Older Entrepreneurs Face Unique Challenges, Valuable Advantages

Stephen Cohen, whose firm advises many older small business owners, sees more and more people who have been laid off at the end of long careers and who are looking toward entrepreneurship rather than re-entering the job market. "Opening a business is the American way of starting new," he said.

Others are simply searching for a way to spend more time with their families, Mr. Cohen said, or for more financial independence.

Mr. Cohen opened Keystone By Design with the help of SCORE, a nonprofit that provides counseling for the SBA, and he now mentors other small business owners through that organization.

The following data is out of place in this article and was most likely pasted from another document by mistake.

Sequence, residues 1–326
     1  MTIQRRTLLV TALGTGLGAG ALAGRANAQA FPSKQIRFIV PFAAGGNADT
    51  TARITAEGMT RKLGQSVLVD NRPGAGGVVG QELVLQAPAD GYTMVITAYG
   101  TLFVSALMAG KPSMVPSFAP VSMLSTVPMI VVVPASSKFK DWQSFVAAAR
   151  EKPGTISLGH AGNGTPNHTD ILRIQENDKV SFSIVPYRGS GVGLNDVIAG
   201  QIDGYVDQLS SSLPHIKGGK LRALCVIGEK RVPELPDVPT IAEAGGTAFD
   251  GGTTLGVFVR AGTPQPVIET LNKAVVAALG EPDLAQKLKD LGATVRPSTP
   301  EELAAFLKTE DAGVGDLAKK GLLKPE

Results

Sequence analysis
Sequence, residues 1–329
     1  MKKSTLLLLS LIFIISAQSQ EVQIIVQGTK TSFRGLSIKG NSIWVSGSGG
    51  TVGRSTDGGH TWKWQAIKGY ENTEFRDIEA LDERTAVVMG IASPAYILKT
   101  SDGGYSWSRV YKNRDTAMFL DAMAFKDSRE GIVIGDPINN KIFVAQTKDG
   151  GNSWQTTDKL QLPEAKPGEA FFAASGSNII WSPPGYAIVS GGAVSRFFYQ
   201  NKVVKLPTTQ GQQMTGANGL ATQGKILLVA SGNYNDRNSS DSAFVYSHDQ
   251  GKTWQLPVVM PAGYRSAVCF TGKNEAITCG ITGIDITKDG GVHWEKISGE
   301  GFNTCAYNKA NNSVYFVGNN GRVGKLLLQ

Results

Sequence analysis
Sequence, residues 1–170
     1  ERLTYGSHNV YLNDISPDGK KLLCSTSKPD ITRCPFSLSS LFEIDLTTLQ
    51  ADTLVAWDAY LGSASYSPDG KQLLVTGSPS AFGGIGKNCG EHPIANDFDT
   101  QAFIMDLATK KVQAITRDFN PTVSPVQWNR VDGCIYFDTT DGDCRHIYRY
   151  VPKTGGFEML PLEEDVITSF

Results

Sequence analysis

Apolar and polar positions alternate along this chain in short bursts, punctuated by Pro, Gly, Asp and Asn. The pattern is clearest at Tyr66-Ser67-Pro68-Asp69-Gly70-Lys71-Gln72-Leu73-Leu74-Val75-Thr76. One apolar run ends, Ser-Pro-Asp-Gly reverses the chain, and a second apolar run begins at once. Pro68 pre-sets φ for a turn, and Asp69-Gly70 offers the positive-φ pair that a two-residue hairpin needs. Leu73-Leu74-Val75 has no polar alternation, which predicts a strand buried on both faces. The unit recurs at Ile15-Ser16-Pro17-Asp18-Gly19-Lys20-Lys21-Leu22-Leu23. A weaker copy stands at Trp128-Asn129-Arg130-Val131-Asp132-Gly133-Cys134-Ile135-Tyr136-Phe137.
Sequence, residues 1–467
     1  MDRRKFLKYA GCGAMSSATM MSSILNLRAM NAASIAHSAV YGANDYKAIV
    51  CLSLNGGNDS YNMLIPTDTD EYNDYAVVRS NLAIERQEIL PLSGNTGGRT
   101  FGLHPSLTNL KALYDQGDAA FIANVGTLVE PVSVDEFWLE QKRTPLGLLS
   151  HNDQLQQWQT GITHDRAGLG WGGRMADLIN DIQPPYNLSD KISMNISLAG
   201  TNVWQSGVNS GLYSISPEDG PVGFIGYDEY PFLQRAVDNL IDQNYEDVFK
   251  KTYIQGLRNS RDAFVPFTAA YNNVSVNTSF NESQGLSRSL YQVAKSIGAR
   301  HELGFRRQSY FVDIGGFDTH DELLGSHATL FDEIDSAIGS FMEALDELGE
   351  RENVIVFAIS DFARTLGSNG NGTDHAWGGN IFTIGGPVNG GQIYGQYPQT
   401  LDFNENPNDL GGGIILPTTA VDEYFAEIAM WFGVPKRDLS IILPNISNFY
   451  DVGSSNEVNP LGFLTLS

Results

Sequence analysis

Older entrepreneurs, Mr. Cohen said, often believe that their many years spent working 9-to-5 jobs will allow them to succeed as small business owners. But he notes that because small business owners need to be aware of all aspects of a company, from the financial to the technological to the legal, even the most seasoned workers may need outside advice and support.

"We think about all those pieces that people hadn't begun to think about because they were so wrapped up in production," Mr. Cohen said.


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